SACRAMENTO, CA - Whether by design or not, a much anticipated state Capitol hearing on gun violence offered a prime example of how additional laws may not always translate into fewer guns in dangerous situations.
Officials from the California Department of Justice delivered a sobering statistic to a joint hearing of Senate and Assembly public safety committees: thousands of Californians no longer eligible to have a firearm, yet still in possession of tens of thousands of handguns and semi-automatic weapons.
And why? No funding to pay for a major statewide sweep.
"Despite our best efforts, the bureau does not have the funding or resources to keep up with this annual influx of cases to reduce the backlog," said Stephen Lindley, chief of the firearm bureau at the state Department of Justice.
In all, officials say the Armed Prohibited Persons System (APPS) database has 19,770 people listed as illegally possessing a firearm -- for reasons including felony convictions, histories of violence, severe mental illness, and more.
And those Californians have, it's estimated, 40,210 firearms: 38,563 handguns and 1,647 semi-automatic rifles designated as assault weapons.
The cost to go get all those guns, officials told the legislators at Tuesday's hearing: about $25 million.
"We ought to get those guns out of the hands of people who are prohibited," said Senate President pro Tem Darrell Steinberg, D-Sacramento.
By day's end, Steinberg and fellow Sen. Mark Leno, D-San Francisco, announced legislation to start finding that money.
That effort may find bipartisan support in the Capitol, but new legislation with an eye toward guns and gun restrictions is likely to fall into familiar fights. The joint legislative hearing, attended by fewer Republicans than Democrats, produced largely predictable diverging views as to whether gun violence is largely a function of too many loopholes and high-powered weapons with no reasonable purpose (Democrats) or criminals who won't be deterred by the fact that they could one day be charged with even more crimes for their violent actions (Republicans).
About a dozen high profile bills have been introduced at the statehouse in the last few weeks on the issue of guns, gun safety, and gun violence. Some -- including ways to limit the fast reloading of otherwise legal high powered rifles -- are repeats of Capitol fights from the past. Others, including efforts to tax or register ammunition, seem to offer a new front in the ongoing battles.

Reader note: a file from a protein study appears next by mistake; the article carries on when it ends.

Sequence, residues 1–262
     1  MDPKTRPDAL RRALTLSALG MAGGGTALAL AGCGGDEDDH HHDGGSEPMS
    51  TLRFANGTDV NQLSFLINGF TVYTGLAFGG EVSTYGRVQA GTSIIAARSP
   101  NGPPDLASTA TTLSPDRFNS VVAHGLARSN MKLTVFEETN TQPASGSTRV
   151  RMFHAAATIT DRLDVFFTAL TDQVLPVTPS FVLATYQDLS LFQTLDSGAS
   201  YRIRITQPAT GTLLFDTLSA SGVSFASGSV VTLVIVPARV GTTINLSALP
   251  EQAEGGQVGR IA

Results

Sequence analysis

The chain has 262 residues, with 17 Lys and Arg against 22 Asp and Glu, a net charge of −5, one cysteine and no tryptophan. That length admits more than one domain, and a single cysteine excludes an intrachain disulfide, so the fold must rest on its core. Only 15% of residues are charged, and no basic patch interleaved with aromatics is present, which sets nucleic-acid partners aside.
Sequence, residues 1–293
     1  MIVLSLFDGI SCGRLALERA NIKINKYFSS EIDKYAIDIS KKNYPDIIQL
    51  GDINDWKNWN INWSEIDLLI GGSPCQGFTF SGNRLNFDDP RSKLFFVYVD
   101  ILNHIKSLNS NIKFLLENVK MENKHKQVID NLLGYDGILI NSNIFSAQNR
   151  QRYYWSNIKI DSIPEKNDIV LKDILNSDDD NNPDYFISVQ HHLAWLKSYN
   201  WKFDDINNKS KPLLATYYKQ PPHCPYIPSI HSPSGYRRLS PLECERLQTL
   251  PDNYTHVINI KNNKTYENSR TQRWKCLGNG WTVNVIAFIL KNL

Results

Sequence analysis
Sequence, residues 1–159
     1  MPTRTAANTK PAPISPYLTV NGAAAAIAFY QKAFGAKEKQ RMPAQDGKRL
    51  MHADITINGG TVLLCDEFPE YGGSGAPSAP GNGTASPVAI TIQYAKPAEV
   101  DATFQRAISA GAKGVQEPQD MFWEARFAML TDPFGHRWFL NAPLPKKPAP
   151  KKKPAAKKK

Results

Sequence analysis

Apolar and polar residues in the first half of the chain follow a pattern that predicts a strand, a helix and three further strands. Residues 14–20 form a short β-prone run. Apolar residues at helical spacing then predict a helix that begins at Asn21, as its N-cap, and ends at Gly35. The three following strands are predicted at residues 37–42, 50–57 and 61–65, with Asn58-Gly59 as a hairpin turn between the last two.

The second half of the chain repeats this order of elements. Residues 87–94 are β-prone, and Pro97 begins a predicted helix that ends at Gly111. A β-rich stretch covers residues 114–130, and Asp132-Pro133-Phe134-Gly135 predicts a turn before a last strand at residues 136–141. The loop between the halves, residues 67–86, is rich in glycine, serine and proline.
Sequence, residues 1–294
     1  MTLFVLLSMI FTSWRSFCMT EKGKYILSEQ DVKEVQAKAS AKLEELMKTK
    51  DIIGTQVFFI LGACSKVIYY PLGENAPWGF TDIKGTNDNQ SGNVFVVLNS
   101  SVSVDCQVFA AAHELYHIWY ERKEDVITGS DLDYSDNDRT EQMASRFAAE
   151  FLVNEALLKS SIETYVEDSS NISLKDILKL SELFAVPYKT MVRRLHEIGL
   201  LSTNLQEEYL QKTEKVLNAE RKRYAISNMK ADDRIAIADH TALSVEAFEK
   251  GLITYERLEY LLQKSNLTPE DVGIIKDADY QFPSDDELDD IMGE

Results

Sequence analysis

And two former legislative leaders testified Tuesday that those battles are long and tough for supporters of additional gun control.
"It's a rough, rough business," former Senate pro Tem Don Perata told the joint committee. The Oakland Democrat fought several gun control battles during his tenure in the Assembly and Senate, and described efforts at intimidation from critics, including the day a single bullet was left on his desk.
Perata offered what almost amounted to praise for gun rights supporters.
"What you have with the NRA is a very powerful gun lobby with religious fervor," he said. "That's a potent combination. We don't have that on our side."
David Roberti, a Democrat who represented Los Angeles who served for more than two decades in the Legislature with most of his time as Senate pro Tem, reminded the legislators that gun control bills failed in Sacramento after two high profile incidents -- the assassination of Robert F. Kennedy in Los Angeles in 1968 and the assassinations of George Moscone and Harvey Milk in San Francisco in 1979.
But the murder of five children at Stockton's Cleveland Elementary School on January 17, 1989 was different.
"It shocked California," said Roberti, who said then Gov. George Deukmejian quickly made it known that he'd sign a gun control bill, thus giving political cover to some of his fellow Republicans on the assault weapon ban written by Roberti.
(It's also worth remembering that Roberti beat back a 1994 recall effort led by the National Rifle Association.)
Legislators sitting on the joint panel, as expected, debated whether there is a problem that goes beyond the events like December's mass murder at a Newtown, Conn. elementary school.
"We need to let go of just concern about mass shootings," said Assemblymember Nancy Skinner, D-Berkeley. "We have to look at the number of shootings, whether they create death or not, as part of this epidemic."
And on the other side, Republicans said a rush to legislate won't help, and might hurt.
"What gun isn't lethal?" asked Sen. Joel Anderson, R-San Diego.
Gun rights advocates agreed.
"You will continue to have the atrocities that we have seen," said Sam Peredes of Gun Owners of California on the idea of new laws. "Because none of these will impact those people who are one day normal, the next day insane, or evil."
The hearing also came on the same day that Attorney General Kamala Harris invited district attorneys from all 58 counties to participate on a special gun violence council, with a first meeting to be held in February in Los Angeles.